Chapter

Quality Space

Austen Clark

in Sensory Qualities

Published in print October 1996 | ISBN: 9780198236801
Published online October 2011 | e-ISBN: 9780191679360 | DOI: http://dx.doi.org/10.1093/acprof:oso/9780198236801.003.0004

Series: Clarendon Library of Logic and Philosophy

Quality Space

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Efforts thus far have yielded an ability in principle to predict which classes of stimuli a given subject will find to be indiscriminable, and hence which pairs of stimuli the subject will find to be qualitatively identical. At least in some stimulus domains, one can predict which pairs of stimuli a given subject will find to present qualitatively identical sensory experiences. We can measure many of the factors that bear on the indiscriminability of stimulus domains, and construct mathematical models that predict matching with a fair degree of success. Much of the progress in the empirical study of perception since the mid-19th century can be detailed under this rubric. While qualia may still prove elusive, qualitative identity is increasingly within our grasp. This chapter discusses how differentiative properties can be identified. It also looks at order from indiscriminability, multidimensional orders, relative similarity as a basis, multidimensional scaling, companionship and community, dimensions and differentiative attributes, and circularity objections.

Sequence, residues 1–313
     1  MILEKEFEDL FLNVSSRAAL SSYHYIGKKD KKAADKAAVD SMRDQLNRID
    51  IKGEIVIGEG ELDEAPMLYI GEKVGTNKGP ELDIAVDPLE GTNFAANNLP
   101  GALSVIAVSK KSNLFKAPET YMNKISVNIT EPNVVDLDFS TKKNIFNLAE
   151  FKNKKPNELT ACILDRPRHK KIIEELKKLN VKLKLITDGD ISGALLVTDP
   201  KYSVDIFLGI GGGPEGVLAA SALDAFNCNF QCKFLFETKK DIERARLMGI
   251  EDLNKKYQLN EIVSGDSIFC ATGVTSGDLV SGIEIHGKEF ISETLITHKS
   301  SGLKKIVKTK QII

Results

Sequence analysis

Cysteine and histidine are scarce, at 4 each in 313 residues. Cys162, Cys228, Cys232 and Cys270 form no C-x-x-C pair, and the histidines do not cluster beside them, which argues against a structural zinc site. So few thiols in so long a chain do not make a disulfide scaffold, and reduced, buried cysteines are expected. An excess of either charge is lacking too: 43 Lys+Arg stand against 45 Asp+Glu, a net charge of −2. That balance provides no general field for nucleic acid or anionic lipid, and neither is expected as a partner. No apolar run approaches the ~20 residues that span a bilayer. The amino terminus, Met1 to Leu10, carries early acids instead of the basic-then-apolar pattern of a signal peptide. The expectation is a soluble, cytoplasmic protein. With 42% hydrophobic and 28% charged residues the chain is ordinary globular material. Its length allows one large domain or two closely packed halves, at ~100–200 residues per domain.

Keywords: stimuli; indiscriminability; perception; qualia; qualitative identity; differentiative properties; multidimensional orders; dimensions; relative similarity; multidimensional scaling

Chapter.  13912 words.  Illustrated.

Subjects: Philosophy of Mind

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